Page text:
Those who closely follow the debate believe there’s no chance Hensarling’s bill would pass the Senate as is. Rather, they expect the upper chamber to advance a separate regulatory relief bill of their own.

“We continue to see no path forward for this legislation in the Senate,” said Jaret Seiberg, an analyst with Cowen & Co., in a note to clients ahead of the House vote.

Senate Republicans will have two options to advance President Trump’s promise to dismantle the “horrendous” Dodd-Frank law.

They could try to pass a regulatory relief bill through reconciliation, which only requires a 50-vote majority to pass the Senate. That would likely mean a smaller number of limited changes to the Dodd-Frank Act rather than a major single legislative package.

Or they could leave the 2010 regulatory reform law intact and put the onus on regulators, like the Federal Reserve and the Federal Deposit Insurance Corp., to rewrite some of the rules.

“Much of the language in Dodd-Frank is vague and gives a lot of discretion to regulators on how they write the rules so, over time, I expect the Trump administration will amend some of the Dodd-Frank rules,” said Brian Gardner, a policy analyst with Keefe, Bruyette & Woods, in a podcast.

Any changes to the Dodd-Frank regulations, however, require the approval of those in top regulatory posts at three bank regulatory agencies — the Fed, the FDIC and the Comptroller of the Currency — several of which the president has yet to nominate. Trump has yet to fill three open slots on the Fed board, including a new regulatory czar.

On Monday evening, the president tapped Joseph Otting, a former colleague of Treasury Secretary Steven Mnuchin at OneWest to run the Office of the Comptroller of the Currency. He will oversee more than 1,000 lenders, including big Wall Street banks. His position still requires Senate approval.

The spotlight on the financial reform this week could “convince the White House that it’s time to act on these key nominations,” said Seiberg.

9 thoughts on “House to vote on killing Dodd-Frank today

  1. I can’t believe this garbage lasted this long! Barney the pervert and Dodd the over paid asshat both should have been keel hauled by a ship ladened with barnicles.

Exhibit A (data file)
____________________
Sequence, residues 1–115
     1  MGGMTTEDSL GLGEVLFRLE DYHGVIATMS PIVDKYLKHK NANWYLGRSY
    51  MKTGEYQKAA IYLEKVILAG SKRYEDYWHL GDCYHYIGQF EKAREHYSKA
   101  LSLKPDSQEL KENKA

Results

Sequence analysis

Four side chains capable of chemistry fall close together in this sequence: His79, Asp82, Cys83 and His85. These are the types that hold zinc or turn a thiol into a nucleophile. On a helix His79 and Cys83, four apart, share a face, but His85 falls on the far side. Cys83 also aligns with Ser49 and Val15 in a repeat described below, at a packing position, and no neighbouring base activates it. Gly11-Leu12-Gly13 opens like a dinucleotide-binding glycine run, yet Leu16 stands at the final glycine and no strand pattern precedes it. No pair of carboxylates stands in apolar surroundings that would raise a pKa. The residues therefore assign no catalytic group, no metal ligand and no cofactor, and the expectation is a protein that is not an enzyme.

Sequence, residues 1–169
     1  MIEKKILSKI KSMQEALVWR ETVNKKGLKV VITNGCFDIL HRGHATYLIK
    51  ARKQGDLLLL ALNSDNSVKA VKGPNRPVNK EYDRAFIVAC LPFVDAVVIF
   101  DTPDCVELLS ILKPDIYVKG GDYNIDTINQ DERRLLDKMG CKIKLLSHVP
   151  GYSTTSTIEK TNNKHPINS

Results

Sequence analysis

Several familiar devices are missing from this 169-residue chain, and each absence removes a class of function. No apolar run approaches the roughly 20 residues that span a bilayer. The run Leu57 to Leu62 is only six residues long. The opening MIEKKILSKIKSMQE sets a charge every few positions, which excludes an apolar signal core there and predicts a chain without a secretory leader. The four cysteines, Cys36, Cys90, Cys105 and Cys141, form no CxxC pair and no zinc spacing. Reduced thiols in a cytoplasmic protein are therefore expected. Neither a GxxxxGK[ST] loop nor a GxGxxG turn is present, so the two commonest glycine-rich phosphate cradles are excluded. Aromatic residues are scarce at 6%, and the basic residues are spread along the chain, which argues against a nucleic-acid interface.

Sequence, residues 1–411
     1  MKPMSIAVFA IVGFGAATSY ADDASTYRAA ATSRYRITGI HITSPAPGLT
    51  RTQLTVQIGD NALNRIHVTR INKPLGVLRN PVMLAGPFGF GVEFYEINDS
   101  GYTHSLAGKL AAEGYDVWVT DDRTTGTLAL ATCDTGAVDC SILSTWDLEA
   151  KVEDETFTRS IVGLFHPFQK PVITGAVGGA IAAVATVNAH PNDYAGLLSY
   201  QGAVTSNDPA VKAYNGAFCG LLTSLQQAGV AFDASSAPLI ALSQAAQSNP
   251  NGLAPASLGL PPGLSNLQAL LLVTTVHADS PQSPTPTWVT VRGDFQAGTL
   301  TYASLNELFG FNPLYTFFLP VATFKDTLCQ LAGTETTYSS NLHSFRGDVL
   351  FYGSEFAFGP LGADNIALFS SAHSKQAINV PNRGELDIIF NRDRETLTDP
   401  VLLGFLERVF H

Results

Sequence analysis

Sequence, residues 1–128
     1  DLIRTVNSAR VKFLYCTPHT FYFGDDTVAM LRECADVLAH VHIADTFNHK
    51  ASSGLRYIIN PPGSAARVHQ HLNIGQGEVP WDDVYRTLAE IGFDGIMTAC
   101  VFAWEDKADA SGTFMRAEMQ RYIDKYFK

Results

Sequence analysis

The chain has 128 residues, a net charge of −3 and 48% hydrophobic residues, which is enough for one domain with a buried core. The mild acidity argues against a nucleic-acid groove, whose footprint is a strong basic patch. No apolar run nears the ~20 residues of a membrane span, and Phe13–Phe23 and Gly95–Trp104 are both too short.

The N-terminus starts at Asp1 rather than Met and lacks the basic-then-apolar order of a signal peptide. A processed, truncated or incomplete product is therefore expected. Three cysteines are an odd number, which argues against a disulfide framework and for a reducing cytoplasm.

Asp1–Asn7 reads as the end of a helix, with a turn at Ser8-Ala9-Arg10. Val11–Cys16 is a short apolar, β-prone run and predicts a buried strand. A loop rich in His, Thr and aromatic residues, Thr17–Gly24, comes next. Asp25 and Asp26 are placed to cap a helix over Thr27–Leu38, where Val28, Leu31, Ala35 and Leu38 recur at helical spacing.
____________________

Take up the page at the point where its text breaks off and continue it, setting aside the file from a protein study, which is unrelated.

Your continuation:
1. I have no use for Dodd or Frank, but I am curious as to why you would support an action that will allow Goldman Sachs to once again take junk bonds and put them into the working man’s 401(k).
      This action is absolutely for Steve Mnuchin and the rest of the criminals who should have been hung in 2008. With Glass-Steagall gone, they once again will be completely unregulated. (Are you being de-regulated in conducting the business in your truck?) And again, this benefits the worst enemies we have, the bankers. So why do you support it?

    2. I don’t understand your comment Henry, I have never supported anything from this act.

      I’ve written articles about what a mess this was.

      OK, after reading the article again, I see your point, no,I don’t support any of what is going on here.

      I just think that these two started something that should have been wiped out from the beginning. All this had done is bring in funny money that was derived out of thin air, obviously.

      Derivatives are if nothing else, evil. This garbage wiped out millions.

      1. Mark,
        I appreciate the debate. Maybe I don’t understand the Dodd-Frank Act. I do know that it upset the international bankers like Steve Mnuchin and Wilbur Ross and that these international quadbillionaires wanted it removed, and now the quadbillionaire Trump is sitting in the White House and has at his side Steve Mnuchin, the CEO for Goldman Sachs that was the kingpin in the derivative fraud, and Wilbur Ross, straight from Rothschild, and I guarantee both of them are dancing a jig right now as they plan more derivative fraud.
        It is my understanding that Dodd-Frank was aimed at going for the regulators who allowed Standards and Poor to rate junk bonds as triple A derivatives which working people’s 401(k)s bought as triple A derivatives for their retirement. Steve Mnuchin did this in league with the government regulators he obviously paid off.